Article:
Sciency Words: Safety Ellipse

Hello, friends!  Welcome to Sciency Words, a special series here on Planet Pailly where we talk about those wild and crazy words scientists use.  Today’s Sciency Word is:

SAFETY ELLIPSE

I don’t know about you, but when I’m trying to dock my shuttle pod with another spaceship, I like to take a few long, leisurely loops around that other spaceship first.  You know, like this:

Spaceships are pretty!  Who wouldn’t want to get a good look at them from every conceivable angle before completing docking maneuvers?  But it turns out that circling round and round a spaceship like this is not just for admiring the view.  It’s also for safety!  As explained in this paper:

A “safety ellipse” is an out-of-plane elliptical periodic relative motion trajectory around the primary spacecraft such that the trajectory never crosses the velocity of the primary.

That clear things up?  No?  Okay, how about a quote from this paper instead:

This paper defines a safe trajectory as an approach path that guarantees collision avoidance in the presence of a class of anomalous system behaviors.

Still confused?  Here’s a short video demonstrating what a safety ellipse (a.k.a. a safe trajectory) looks like:

Basically, if your shuttle pod experiences engine failure or any other major malfunction, flying in a safety ellipse ensures that you will not collide with the ship you were trying to dock with.  At least not for a good, long while.

I first heard about this term the other day while watching the livestream of the SpaceX Dragon capsule approaching and docking with the International Space Station.  Several times, the livestream commentators mentioned that Dragon was utilizing a “24 hour safety ellipse” or “24 hour safe trajectory,” meaning that if anything went wrong, mission control would have at least 24 hours to fix it before Dragon and the I.S.S. collided.

So remember, friends: the next time you’re going to dock with another spacecraft, do that out-of-plane elliptical periodic relative motion thing.  In other words, circle around the other ship a few times before making your final approach to dock.  It’s for safety reasons.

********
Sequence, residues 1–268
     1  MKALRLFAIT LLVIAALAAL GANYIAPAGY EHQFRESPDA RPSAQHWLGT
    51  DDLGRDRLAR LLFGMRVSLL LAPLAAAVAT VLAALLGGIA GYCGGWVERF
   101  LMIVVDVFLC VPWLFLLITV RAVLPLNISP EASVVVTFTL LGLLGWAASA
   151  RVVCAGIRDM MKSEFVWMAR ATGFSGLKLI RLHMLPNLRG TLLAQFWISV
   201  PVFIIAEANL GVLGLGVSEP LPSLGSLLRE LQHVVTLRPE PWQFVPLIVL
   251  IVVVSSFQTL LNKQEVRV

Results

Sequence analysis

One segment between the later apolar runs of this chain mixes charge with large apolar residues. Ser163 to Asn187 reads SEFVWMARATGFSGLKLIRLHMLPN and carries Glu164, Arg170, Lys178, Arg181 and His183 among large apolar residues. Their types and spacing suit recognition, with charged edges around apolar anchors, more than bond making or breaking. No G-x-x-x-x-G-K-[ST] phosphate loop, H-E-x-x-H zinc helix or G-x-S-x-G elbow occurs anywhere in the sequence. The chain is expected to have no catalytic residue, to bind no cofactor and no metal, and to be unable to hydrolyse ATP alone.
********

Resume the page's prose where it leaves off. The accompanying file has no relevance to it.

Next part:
P.S.: It’s also for enjoying the view.  Spaceships are pretty!

NASA’s Next Launch System: the Trampoline

Let’s say you don’t own a car, so you carpool to work.  You have a nice arrangement with a friend: he drives, you pitch in for gas, and everybody’s happy.  Then you and your friend get into a fight, and all of a sudden you can’t get a ride to work.  This is now the situation between the United States and Russia after our dispute over Ukraine.  The Russians are no longer willing to give American astronauts rides to the International Space Station.

Image courtesy of NASA
Image courtesy of NASA

Now I don’t write a blog about politics, and I don’t want to go into a discussion about the Ukrainian situation.  It sounds to me like there are good guys and bad guys on both sides, and the whole thing is a complicated mess.  But now this mess is affecting the one issue that I and my blog care about most: space.

The plan was that, following the termination of the space shuttle program, private companies like SpaceX or Virgin Galactic would pick up the slack.  After my initial skepticism, I came to see this as a good thing if only because it meant American space exploration would no longer be totally beholden to the whims of Congress.  But those private space companies aren’t ready yet.  They need at least a few more years before they can start launching astronauts into space.

One Russian official suggested that, in the meantime, NASA could try using trampolines to send its astronauts into space.  We can only hope this quarrel with Russia will provide the impetus private space companies need to prevent further delays and get their fleets into orbit.  Otherwise, the future of the International Space Station is in jeopardy.

Three Reasons NOT to be an Astronaut

Regular readers of my blog know how desperately I want to live on the Moon or Mars or at least get to go to space once in my lifetime.  It might even be fun to have a career in space exploration, but there are some things about being an astronaut that sound… less than dignified.  Here are a few reason not to be an astronaut.

  • No shower.  For decades, NASA and other space agencies have struggled to figure out how to build a shower that works in space.  In zero gravity, water likes to form big, liquid globs that drift aimlessly around the room.  Skylab had a shower of sorts, as did Russia’s Mir space station, but the current International Space Station has no shower, mainly because every drop of water on the ISS has to be strictly rationed.  The best astronauts can hope for is a kind of sponge bath using a washcloth and a tiny bag of soapy water.
  • No laundry.  This is similar to the no shower problem.  Water just doesn’t cooperate, and there isn’t enough of it anyway.  Most astronauts have to wear the same clothes and the same underwear for days on end.  All their dirty laundry is then dumped into space with the rest of the garbage (and incinerates when it hits the planet’s atmosphere), and fresh clothing is sent up from Earth.
  • The toilet.  I was once told astronauts have to wear diapers because there’s no toilet in space.  Fortunately, this isn’t true, but the toilet on the International Space Station is not what I’d call ideal, and apparently “mistakes” have been made.  Just watch the video.